Another exciting angle is a newly formed early stage life sciences fund being established by a group of "second-generation entrepreneurs," among them Yuval Cabilly, an expert in neurodegenerative disease and the son of Shmuel Cabilly, of the famed Cabilly patents held by Roche AG unit Genentech Inc. The other co-founders are David Sidransky, a serial entrepreneur who served as vice chairman at Imclone Systems Inc. until its acquisition by Eli Lilly and Co., and Ido Zairi, whose CV includes investment banking, with a stint at Jefferies & Co., where he handled risk management for more than $15 billion in assets.
The fund also has recruited more than 20 experienced executives from the pharma world, including Jeffrey Kinder, former chairman and CEO of Pfizer Inc., and Sol Barer, former chairman and CEO of Celgene Corp., to further enhance the fund's strategy and overall attractiveness.
Based on SEC applications, the team plans to complete a $50 million to $100 million fund by the end of the third quarter. Among those expected to invest include biotech powerhouse Biogen Inc., of Cambridge, Mass. An additional undisclosed strategic player has also made a commitment.
NEW CHINESE MODEL HITTING ISRAELI SHORES
Another approach to venture investing is arriving from China, where investors are creating a new model of interaction with Israeli companies. "It's not a traditional VC, nor is it standard growth capital," explained former Israeli Chief Scientist of the Economy Ministry Yehoshua Gleitman, who has established a China-Israel Investment vehicle.
The Guangzhou-Israel Bio Fund (GIBF), of Guangzhou, China, and Tel Aviv, is a $100 million capitalized fund consisting of 100 percent Chinese capital; it has allocations from two state government entities and three biomedical/pharma giants, all from the Guangzhou City, the capital of the Guangdong region of Southeast China.
Gleitman is no newcomer to the Asian market, having spent almost 10 years since his chief scientist post in China, Korea and Taiwan. "Entry into the Chinese medical market is tough for players of all sizes," Gleitman explained to BioWorld Today, "but the Israeli small or medium enterprises [SMEs] will find it particularly difficult."
Conversely, China's public markets value international technology companies as high-quality growth stocks. In China, the owner of the market channel of a Western medical product benefits from the upside potential and an inflated public market valuation. Yet the SME entering China without a presence on the ground often misses out on that high-valuation opportunity, Gleitman explained.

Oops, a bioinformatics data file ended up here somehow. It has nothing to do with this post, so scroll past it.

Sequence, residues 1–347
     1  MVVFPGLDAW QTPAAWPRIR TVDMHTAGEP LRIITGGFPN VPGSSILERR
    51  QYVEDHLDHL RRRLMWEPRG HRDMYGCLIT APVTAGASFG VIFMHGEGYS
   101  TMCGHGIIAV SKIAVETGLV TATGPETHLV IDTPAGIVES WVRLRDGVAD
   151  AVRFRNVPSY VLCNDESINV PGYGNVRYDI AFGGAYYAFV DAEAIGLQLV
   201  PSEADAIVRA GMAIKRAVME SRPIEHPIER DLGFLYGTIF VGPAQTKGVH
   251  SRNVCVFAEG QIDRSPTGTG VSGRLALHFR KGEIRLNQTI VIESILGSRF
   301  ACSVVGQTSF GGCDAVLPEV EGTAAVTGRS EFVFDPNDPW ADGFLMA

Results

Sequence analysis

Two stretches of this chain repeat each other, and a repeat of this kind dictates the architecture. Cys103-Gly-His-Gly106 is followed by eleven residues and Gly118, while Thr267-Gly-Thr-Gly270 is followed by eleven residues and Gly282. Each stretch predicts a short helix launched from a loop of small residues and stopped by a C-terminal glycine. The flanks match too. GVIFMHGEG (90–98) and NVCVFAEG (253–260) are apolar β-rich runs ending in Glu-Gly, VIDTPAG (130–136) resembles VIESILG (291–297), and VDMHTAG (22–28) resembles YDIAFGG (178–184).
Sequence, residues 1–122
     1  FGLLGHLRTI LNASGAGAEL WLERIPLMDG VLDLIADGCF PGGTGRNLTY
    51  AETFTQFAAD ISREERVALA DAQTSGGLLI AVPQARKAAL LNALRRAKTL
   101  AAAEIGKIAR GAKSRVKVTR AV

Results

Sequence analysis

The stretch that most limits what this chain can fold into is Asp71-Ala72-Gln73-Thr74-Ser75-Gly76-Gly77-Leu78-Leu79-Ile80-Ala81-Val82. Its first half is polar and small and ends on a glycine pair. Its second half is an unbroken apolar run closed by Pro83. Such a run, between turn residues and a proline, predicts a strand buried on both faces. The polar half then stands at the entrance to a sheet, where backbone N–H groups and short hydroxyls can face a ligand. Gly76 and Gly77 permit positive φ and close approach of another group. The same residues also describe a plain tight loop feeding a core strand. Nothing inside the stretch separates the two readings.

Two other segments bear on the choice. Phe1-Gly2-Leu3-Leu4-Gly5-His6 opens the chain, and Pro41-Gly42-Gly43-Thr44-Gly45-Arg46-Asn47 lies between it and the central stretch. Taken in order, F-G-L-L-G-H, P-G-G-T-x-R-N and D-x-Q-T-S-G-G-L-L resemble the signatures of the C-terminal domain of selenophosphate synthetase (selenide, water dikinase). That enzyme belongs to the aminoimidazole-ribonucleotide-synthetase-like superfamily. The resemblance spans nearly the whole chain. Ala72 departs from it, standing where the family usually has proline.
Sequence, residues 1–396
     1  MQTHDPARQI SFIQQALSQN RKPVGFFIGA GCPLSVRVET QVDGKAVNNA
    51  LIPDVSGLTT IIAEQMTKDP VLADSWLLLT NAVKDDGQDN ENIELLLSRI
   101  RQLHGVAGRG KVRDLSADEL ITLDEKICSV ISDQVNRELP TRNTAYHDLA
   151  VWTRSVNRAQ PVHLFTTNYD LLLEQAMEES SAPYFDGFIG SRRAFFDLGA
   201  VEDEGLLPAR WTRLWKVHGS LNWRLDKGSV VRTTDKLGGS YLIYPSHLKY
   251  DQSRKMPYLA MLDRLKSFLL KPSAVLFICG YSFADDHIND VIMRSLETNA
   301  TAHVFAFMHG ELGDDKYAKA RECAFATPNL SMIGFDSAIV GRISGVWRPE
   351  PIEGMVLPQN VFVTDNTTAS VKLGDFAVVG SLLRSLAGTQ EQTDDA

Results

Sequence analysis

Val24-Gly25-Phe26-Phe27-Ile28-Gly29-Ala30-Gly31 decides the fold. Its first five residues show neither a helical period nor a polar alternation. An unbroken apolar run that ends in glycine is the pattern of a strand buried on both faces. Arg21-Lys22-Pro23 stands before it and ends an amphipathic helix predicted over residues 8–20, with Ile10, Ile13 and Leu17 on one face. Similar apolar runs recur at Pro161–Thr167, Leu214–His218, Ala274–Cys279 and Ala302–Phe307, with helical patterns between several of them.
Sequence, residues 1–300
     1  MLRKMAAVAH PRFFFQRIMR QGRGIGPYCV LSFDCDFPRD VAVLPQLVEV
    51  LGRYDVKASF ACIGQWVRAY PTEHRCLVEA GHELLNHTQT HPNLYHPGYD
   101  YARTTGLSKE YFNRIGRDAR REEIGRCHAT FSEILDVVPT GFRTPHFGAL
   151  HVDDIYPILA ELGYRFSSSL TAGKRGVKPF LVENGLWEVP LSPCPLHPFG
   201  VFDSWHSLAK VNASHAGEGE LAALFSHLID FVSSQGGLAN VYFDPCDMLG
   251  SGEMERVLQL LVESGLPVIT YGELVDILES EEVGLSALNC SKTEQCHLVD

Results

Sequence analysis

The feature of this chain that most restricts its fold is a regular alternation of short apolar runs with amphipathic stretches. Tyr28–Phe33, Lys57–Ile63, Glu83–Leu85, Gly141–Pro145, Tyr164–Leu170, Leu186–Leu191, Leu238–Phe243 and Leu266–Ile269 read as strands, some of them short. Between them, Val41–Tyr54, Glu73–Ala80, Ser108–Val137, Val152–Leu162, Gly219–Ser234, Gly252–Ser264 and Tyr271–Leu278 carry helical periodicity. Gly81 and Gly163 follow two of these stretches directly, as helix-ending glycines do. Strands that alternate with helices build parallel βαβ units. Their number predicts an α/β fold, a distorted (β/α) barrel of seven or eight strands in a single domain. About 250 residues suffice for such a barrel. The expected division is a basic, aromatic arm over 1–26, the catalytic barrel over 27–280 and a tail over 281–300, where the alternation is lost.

When, for example, the SME utilizes a distribution partner, the distributor's local market value increases greatly and it can benefit by raising Chinese capital locally after an initial distribution contract; the SME, however, is unable to leverage the positive market sentiment.
The realization of that imbalance led Gleitman to create the Chinese-focused fund. GIBF aims to invest in Israeli SMEs that have already shown promise in sales in the medical field in the developed world, in order to develop a Chinese partnership that is jointly owned by the fund and the Israeli company.
"We benefit from our local Chinese expertise in terms of know-how, regulations, marketing channels and possible exit routes," explained Gleitman, "without having the SME be concerned with our involvement in other [not China-related] company business activities."
GIBF said that pilot fund should be able to invest its focused growth capital in eight to 10 SMEs. "With China now being the third largest consumer of medical technology in the world, and the expectation that it will reach number one within a decade," Gleitman explained, "it is of primary importance that our smaller companies can benefit from the giant state's growth trajectory. This fund offers the opportunity – packaged with our binational team's expertise – exclusively to the Israeli biomed community."